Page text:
WORTHINGTON -- It may surprise you that I have done a lot of poking around in Worthington through passing years. I believe I have been in every public place. I have been in many private homes. Some might suggest Paris would have been more rewarding. I don't believe so.
I climbed inside the tower of the old courthouse and I climbed the Second Avenue water tower. I have been in all but two or three Worthington churches and I was in half-a-dozen churches which no longer exist, which came to be replaced by new buildings. I was in the new St. John's Episcopal which once stood on Cherry Point -- I was in the undercroft. Several times I have been in the original, 1882 St. John's, now the chapel at Garden of Memories.
I was at Worthington airport when passengers boarded planes there, and I was at the C&NW depot when passengers boarded trains there. I have been at band concerts on the courthouse lawn and at band concerts at Chautauqua Park. I saw House of David play baseball on the Clary Street fairgrounds, and I once won a blue ribbon on the Stower Drive fairgrounds. I was a student at the original, 14th Street Worthington Junior College, and I was at the dedication of the campus that has become Minnesota West.
I have swum along the sandy beach off Vogt Park, and I took swimming lessons in the waves above the rocky bottom of Chautauqua Park's beach. I am making my way to my point --
In the early 1930s, perhaps as a public works project, Worthington built a rock retaining wall along the Chautauqua Park beach. A layer of cement was smoothed along the top of that wall.
Very many times I have been on the Chautauqua Park pier and I often noted the names scratched into that cement when it still was wet. Marcia Arnold's was one.
Worthington has been bringing in boulders to line the Okabena shores. Much of that old retaining wall was taken away. Only lately -- this truly surprises me -- only lately did I find my way to that remaining section of the retaining wall that is behind the Chautauqua Park garage, or shed, or utility building. Whatever.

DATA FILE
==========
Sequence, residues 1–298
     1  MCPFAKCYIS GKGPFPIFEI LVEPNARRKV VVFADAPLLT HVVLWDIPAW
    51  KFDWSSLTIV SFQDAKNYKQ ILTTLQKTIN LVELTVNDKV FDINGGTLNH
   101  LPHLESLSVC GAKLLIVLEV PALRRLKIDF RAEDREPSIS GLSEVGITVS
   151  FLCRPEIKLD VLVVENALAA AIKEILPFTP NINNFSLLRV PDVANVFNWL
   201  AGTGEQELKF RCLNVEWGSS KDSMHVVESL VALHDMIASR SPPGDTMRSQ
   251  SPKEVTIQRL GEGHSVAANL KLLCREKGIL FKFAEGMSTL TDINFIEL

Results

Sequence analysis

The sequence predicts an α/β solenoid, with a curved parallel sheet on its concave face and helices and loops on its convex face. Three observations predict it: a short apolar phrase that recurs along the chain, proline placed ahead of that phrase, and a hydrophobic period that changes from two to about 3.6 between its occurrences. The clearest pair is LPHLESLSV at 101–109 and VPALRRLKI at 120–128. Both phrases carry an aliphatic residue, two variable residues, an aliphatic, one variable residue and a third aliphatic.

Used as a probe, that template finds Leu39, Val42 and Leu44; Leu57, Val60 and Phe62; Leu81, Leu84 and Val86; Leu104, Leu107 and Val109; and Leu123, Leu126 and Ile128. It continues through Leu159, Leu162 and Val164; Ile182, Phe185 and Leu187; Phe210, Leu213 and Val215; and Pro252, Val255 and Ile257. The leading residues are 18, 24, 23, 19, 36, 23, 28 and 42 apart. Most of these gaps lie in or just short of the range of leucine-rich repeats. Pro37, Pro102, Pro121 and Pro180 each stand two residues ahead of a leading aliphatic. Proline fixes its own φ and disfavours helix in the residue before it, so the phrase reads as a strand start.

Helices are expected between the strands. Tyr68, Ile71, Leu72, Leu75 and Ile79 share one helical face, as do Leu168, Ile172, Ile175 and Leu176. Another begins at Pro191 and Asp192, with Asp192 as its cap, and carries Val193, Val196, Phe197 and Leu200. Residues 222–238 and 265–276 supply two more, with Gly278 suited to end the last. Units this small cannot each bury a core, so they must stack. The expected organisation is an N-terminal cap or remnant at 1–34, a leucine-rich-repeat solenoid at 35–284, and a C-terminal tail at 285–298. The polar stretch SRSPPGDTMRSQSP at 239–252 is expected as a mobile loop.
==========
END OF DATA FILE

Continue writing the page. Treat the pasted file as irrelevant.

Only lately did I discover that Billy Blanchard took a stick and scratched his name in that cement. George Pappas scratched his name next to Billy's. Then Lawrence Mortinson. It was "Sept. 27." (Inevitably, someone also scratched a profanity. "You are a GD SOB." "Damn" is spelled "dam.")
Well -- Lawrence Mortinson was in the WHS Class of '31. Billy and George were younger, Class of '32 or Class of '33.
Billy is lucky he didn't get in big trouble, and perhaps Billy was in big trouble. The Blanchards lived in that neighborhood, at 729 Lake Avenue. Billy's father was Dr. A.F. Blanchard, a chiropractor and an elected member of the Worthington school board. Dr. Blanchard would not have liked Billy scratching his name in that cement.
George Pappas was the son of Mike and Mary Pappas. The Pappas family (Greek) had Worthington's most popular restaurant, at 713 10th Street, in that early 1930s era. They later moved to Rochester and opened Michael's, which now is into a fourth generation and which continues as one of Rochester's popular restaurants.
The Pappas family began a Worthington tradition continued by Mike Lang at his own Michael's Restaurant. From the Rochester Michael's menu: "Pappas French Fried Onion Rings., $4.25; Our own recipe lightly battered and fried, serves 2-4." Also from the Pappas menu: "Ice Cream Oreo Pie, $4.25; Oreo crust with ice cream, topped with hot fudge sauce."
Back to those boys and the retaining wall --
In 1928, '29, Billy Blanchard played intramural basketball with the WJHS Aces. George Pappas played with the Racers, who won the team sportsmanship award.
Lawrence Mortenson was a freshman at that time, a year or two ahead of George and Billy. There is more research pending on Lawrence.
It is not hard to imagine Dr. Blanchard lecturing Billy on, "Fools' names and fools' faces..." In truth, I doubt Dr. Blanchard ever knew about the names on that wall.
Anyway, in this instance, those names were seldom seen. It was 2008 before I discovered them, and I have poked around a lot.
Ray Crippen is the former editor of the Daily Globe. His column appears on Saturdays.